The aftermath of Darby’s death was swift and sharp. The LA scene, which had been evolving into a beach scene since about 1978, became the sole property of the brawling teens. Many of Darby’s Hollywood friends left the scene altogether, becoming recluses and establishing new lives, marrying, having children. Others sank into deepening addiction themselves; ex-Bags and 45 Grave guitarist Rob Ritter, who in 1978 traveled to LA from Phoenix with a young Jimmie Giorsetti so the latter could audtiion for the vacant Germs drum stool, died of a heroin OD in 1991.
The punk scene divided into warring factions as the 80s began. The hardcore punks, who further refined Darby’s end-stage look of Mohican, leather jacket and combat boots, dominated, while the Goth scene was springing from the ruins of the Hollywood scene. Some key members of the former Germs contingent, including Don Bolles and Mary Sims (aka Dinah Cancer), formed 45 Grave and spearheaded the developing movement.
The class of 77, including the Germs, has gone around in a big blue circle and closed. In the age of MTV, it is easy to forget that there was a time when music was urgent, when culture was something you created, not copied. Darby Crash and the Germs defined an earlier time, and without them and their contemporaries there would have been no Nirvana, no Pearl Jam. Punk rock really did change the world, but not in the way its progenitors thought or intended. It changed the way people listen to music, the way bands relate to their audiences, even the way the industry treats its product (not that this ever was, or is now, anything to praise). Some scream that punk is dead, but the argument can be made that punk accomplished its goals and then was assimilated. It initiated and nurtured change. The spirit of punk might not be found today in the countless numbers of mediocre bands playing guitar, bass, and drums, but it’s out there, lurking in new places. In keeping with the spirit of change, rebellion constantly changes its guise.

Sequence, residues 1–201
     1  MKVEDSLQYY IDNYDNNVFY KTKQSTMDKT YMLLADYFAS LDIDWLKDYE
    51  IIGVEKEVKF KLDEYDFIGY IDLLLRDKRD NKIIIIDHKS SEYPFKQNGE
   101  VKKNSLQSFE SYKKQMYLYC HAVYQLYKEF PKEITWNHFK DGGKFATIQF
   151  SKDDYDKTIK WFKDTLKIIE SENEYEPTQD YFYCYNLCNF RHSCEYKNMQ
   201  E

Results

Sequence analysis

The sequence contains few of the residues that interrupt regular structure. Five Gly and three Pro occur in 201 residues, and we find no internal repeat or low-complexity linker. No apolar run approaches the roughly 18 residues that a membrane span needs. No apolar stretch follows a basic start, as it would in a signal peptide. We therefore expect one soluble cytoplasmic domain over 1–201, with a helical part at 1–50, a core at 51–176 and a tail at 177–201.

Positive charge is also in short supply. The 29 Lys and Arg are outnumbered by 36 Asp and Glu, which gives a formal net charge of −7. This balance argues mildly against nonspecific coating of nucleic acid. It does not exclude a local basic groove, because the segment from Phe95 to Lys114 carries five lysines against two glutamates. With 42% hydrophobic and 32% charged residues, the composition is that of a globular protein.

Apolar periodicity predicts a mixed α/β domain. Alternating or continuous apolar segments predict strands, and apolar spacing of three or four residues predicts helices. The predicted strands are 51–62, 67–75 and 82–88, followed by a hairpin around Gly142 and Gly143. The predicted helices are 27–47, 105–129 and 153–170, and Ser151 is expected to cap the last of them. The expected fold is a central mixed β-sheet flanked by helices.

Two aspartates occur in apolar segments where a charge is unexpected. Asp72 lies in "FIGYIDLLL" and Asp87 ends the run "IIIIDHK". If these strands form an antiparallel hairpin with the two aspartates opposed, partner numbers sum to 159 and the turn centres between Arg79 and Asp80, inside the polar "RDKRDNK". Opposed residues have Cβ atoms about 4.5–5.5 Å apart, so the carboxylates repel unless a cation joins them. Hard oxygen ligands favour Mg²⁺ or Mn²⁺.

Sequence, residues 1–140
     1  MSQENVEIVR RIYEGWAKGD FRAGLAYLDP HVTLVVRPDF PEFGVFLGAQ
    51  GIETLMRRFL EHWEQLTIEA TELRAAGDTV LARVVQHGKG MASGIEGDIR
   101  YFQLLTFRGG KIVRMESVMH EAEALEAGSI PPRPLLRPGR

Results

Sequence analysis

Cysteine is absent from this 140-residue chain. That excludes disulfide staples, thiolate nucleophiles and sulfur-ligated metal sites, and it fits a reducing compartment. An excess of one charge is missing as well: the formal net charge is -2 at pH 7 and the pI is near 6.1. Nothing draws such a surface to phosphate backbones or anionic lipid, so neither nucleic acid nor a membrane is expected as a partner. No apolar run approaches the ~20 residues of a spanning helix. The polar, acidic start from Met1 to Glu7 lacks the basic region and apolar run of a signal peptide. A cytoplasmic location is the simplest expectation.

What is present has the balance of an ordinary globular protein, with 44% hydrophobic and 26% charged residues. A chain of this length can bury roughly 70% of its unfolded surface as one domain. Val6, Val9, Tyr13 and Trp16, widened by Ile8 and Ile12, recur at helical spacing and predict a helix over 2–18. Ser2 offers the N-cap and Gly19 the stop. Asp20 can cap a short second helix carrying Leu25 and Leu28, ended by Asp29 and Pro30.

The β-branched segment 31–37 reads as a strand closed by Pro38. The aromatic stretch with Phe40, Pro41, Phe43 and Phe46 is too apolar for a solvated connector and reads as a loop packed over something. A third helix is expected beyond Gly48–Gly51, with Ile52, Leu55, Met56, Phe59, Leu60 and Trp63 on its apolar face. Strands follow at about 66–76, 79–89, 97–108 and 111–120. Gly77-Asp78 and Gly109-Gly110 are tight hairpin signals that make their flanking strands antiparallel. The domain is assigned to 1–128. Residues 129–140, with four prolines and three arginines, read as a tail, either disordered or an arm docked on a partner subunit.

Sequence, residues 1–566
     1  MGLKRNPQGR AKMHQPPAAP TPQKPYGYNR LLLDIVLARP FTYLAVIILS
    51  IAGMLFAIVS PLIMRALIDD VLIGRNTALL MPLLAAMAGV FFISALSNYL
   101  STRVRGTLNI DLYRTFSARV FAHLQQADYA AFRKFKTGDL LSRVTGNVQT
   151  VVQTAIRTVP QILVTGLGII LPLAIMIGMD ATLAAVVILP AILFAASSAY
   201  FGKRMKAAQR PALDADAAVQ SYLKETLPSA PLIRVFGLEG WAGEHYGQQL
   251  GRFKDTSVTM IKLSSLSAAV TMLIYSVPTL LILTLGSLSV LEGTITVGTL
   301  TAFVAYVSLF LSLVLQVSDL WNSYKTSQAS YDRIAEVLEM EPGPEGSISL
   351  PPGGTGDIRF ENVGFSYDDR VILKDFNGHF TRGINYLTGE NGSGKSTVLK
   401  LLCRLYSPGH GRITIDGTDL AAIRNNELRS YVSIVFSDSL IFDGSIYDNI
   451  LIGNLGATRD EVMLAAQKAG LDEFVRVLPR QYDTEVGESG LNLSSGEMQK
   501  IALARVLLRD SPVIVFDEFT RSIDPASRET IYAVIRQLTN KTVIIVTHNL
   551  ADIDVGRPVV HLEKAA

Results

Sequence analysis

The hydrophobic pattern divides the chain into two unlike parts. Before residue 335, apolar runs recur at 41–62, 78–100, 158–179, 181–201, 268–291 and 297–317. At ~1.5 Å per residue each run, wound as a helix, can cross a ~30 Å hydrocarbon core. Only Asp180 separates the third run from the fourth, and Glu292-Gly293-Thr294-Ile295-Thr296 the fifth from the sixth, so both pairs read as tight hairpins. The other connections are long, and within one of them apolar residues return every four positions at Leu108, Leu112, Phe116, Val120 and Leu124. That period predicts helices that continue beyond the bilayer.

It’s a circular rhythm Darby Crash would have understood.